EB Sound, the Eternal ‘Poor Relation’ – Talking to an Expert

In the traditional film production, sound recording still has a certain status. EB (electronic reporting) teams, however, don’t necessarily handle it in a professional way, often even neglecting it completely. This can lead to ongoing problems with the sound. More understanding and attention from editors, directors and other responsible people could help though. Everyone is at least a bit interested in camera technology, mainly because the result is visible. The interest in sound engineering and recording, however, is still extremely poor.
We have asked Michael Mücher, a trainer and expert for video, TV and audio a few simple, ever-recurring questions. The interview was conducted by Nils van Well, project manager Volkswagen TV.

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How does that sound?

Sound is the poor relation at the shooting location. Annoyance during editing is often caused by sound. Interviews are levelled down primitively and sound muffled, microphones are set up wrong and record more ambient sounds than required, electric noises can be found on the soundtrack and once, the assistant immediately asserted: “stupid sound.”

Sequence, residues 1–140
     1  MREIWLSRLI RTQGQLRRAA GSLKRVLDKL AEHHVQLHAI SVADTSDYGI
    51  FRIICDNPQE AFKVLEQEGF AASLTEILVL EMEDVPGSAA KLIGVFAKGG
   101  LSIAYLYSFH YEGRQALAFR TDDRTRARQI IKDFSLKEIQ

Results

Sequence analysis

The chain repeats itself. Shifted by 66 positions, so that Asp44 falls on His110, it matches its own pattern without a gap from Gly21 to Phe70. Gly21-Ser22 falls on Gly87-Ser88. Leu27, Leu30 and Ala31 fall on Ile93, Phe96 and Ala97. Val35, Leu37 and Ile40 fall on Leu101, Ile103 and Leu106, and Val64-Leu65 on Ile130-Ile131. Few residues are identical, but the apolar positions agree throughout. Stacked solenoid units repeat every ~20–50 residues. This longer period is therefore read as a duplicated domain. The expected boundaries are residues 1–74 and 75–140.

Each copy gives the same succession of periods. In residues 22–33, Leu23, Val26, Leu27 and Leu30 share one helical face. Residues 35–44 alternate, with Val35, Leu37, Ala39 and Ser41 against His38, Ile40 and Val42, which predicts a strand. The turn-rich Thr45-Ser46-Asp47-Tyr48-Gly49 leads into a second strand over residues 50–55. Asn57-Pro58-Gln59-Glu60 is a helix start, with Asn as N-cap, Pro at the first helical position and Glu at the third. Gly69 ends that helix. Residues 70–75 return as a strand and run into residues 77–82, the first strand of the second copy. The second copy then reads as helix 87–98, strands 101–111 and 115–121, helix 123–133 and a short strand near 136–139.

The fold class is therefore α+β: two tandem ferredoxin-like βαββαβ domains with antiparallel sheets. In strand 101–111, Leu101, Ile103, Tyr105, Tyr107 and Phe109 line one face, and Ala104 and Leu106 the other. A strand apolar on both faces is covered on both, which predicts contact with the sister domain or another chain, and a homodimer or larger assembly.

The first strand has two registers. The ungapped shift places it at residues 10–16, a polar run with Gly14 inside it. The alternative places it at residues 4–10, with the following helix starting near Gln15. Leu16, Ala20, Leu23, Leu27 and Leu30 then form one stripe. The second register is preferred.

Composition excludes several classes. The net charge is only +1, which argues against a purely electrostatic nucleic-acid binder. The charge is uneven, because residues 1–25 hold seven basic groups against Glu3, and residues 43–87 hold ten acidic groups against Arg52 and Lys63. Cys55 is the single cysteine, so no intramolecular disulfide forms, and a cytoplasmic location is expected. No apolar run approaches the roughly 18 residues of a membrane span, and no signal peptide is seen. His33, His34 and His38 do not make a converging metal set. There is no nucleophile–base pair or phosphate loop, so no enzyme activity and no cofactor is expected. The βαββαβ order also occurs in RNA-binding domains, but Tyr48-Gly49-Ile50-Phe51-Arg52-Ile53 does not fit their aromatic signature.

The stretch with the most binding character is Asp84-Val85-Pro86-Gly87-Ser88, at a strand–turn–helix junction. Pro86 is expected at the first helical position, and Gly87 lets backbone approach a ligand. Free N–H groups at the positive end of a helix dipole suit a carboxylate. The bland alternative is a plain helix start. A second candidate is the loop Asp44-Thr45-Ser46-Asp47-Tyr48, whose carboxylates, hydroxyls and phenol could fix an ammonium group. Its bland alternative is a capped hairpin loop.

XLR-connectorsIt is not surprising as the person recording the sound in their role as camera assistant is so poorly paid that they want to become a cameraman as quickly as possible. In conventional ENG teams, you tend to meet young assistants with little experience who almost never put a great deal of commitment into recording the sound. If I come across an old hand with headphones at the shoot, I immediately relax, for I know that I’m in good hands. The creeping erosion of pay for camera teams has de-professionalised the recording of sound.
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